How Social is “Social” Media?

Jonny Goldstein interviewed me back in August 2007 on his show Jonny’s Par-Tay [link]. Looking at the countdown timer to the end of the show, around -18:00 he asks me “So… Did you feel a little lonely before you got into all the social media stuff?” to which my response was that I’m actually LESS social NOW than I was before…

Jonny’s response was that it CAN lead to socializing, and he mentioned an instance of an IRL event, Vloggercue, hosted by Wreck and Salvage’s Adam Quirk that he was going to attend BECAUSE of the people that he met and knew because of social media.

While I agree that it CAN… How often *DOES* social media lead to actual social inteaction, for YOU? My point was that I became less social instead of more social because of the fact that my friends are always at my fingertips. For the sake of this post, I’m defining “social” as actually going somewhere to hang out with friends of mine, IRL.

Frisbee Group, April 14 2007 by Bill Cammack

Everyone sitting at that table (Grace, Rachel, Charles, Obreahny, Sandra & Mike), I’m only *seconds* away from interacting with, via social media, wherever I am. Instant messaging, status updates, texting, email, sites, forums, groups. I did a shoot in Central Park with Obreahny and uploaded it to my server sitting out in Central Park, using the park’s wireless access. I get footage from clients overseas via FTP, talk to them on skype or iChat and send them quicktime files for approval/changes. I watched a live stream of PodCamp Philly from NYC and appeared on-screen @ PodCamp Boston while I was sitting in a living room in Maryland.

There’s no reason for me to physically go ANYWHERE unless physically interacting with that person is the reason I’m going. You can’t go snowboarding together unless you actually go snowboarding. Other than that, the current state of communications enables you to be AS in-touch with someone as you want to be. I talk to my friend @CaliNative all day, every day. We’re both MIT Graduates, but we live 3,000 miles apart from each other and never met each other IRL. Meanwhile, there are people that have given me business cards, right here in NYC, that I never spoke to again after that particular day that we met.

Social media allows you to define your enviroment. You can create and maintain relationships that transcend physical and territorial boundaries. You can hold 5 completely separate instant message conversations at a time, which is absolutely impossible on the phone. Does that make you MORE social?… or LESS social? Is “social” being re-defined by technology enabling us to envision new directions?

I also say I’m less social because my tolerance for idiocy has plummeted. 🙂 I didn’t have a lot of that to BEGIN with, but when you get to pick and choose the people you interact with on the basis of their intelligence, common sense and relevance relative to what YOU find interesting or important, it becomes really tough to tolerate people talking about ‘nothing’, or their own agenda which has nothing to do with what you find to be valuable in life.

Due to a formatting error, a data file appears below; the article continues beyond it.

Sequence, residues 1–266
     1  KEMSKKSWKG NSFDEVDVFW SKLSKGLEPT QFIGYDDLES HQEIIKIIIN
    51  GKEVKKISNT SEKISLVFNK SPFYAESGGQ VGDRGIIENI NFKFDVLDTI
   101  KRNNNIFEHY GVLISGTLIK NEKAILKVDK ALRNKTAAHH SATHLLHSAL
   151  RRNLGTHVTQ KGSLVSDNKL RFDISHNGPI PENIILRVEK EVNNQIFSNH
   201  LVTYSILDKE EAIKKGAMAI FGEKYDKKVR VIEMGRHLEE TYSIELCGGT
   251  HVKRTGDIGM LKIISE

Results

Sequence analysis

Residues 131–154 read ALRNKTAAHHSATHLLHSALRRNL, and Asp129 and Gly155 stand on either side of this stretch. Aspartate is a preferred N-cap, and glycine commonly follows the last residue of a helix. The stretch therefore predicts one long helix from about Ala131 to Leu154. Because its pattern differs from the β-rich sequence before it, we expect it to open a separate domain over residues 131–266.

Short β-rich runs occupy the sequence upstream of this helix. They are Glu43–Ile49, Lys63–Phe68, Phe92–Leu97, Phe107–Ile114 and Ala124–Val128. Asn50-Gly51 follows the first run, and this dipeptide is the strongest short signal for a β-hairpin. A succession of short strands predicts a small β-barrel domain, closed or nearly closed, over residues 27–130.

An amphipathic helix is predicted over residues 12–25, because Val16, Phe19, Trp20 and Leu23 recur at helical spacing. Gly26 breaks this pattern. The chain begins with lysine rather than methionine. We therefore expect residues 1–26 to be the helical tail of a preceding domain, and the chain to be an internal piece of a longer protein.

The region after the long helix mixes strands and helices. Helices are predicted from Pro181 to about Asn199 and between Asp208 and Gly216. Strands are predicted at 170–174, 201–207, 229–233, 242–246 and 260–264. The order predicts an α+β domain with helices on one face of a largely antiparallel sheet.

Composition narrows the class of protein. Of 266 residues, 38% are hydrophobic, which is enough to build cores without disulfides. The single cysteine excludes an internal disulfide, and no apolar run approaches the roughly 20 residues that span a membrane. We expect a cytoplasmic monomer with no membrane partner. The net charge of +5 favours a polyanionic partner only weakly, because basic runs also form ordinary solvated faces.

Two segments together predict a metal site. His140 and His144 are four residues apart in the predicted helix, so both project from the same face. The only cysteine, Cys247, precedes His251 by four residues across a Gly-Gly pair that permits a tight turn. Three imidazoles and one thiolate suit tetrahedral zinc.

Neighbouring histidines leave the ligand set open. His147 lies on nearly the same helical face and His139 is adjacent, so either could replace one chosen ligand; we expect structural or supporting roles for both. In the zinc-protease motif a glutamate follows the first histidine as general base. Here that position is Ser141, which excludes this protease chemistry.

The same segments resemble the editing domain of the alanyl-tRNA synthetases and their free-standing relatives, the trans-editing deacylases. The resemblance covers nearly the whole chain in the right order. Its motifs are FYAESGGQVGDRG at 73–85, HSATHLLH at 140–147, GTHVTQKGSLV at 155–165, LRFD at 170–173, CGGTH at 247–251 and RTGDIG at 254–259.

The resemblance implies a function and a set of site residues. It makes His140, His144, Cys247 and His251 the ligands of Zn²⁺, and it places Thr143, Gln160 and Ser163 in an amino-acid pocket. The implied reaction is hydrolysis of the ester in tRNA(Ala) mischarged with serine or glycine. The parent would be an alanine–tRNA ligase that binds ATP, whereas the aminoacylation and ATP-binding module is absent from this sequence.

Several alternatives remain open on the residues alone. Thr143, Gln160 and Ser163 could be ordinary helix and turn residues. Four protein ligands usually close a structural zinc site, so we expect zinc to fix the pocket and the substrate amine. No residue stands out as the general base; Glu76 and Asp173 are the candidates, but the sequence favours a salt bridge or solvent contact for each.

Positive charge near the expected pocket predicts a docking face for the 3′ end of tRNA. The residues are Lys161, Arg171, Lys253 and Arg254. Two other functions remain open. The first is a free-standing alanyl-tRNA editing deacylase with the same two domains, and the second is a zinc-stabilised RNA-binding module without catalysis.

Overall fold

Anil, Mike, Justin, Debbie, Grace, Bill, Kenyatta, Eric

Photo Credit: Jared Klett

So, yes. Social media DEFINITELY leads to situations where we all get together and have a good time, IRL. I think that more often, social media allows us to FEIGN getting together, which is actually *less* social than more so.

Bill Cammack • Cammack Media Group, LLC

Are You A Tech Elitist?

Are *you* a Tech Elitist? If so, how’s that workin’ for ya?

As it’s now Christmas, and we think of The Grinch sitting high on the hill, looking down on all the little people of the village with contempt… Let’s consider our own positions in our respective fields and how we’ve chosen social media sites & groups as well as whom we’ve chosen to affiliate ourselves with.

There was much change during 2007. More ways to communicate. More social sites to join. More video hosts with their own little gimmicks that made them slightly different from the rest. New video editing software. New storage solutions. New live streaming options….

As new opportunities arose, there was a lot of bandwagon-jumping. Sometimes it stuck, sometimes it didn’t. When Twitter was initially unreliable, OFTEN, eventually, Jaiku came along, and there was a mass exodus. The backup plan for when Twitter would go down was for people to immediately start posting on Jaiku until the problem was resolved. Eventually, Twitter became stable, and I didn’t hear a peep about Jaiku for months until they got bought by Google. All of a sudden, here come the Jaiku friend requests.

Even within Twitter, there was bandwagon-jumping. Apps were created so you didn’t have to use the twitter web page with your browser. Some people stuck with them. Some people bailed back to the web site when they realized how many twitter posts the apps weren’t picking up. Eventually, people found found satisfaction in how they received twitter posts. At some point during ’07, Pownce became a player as well.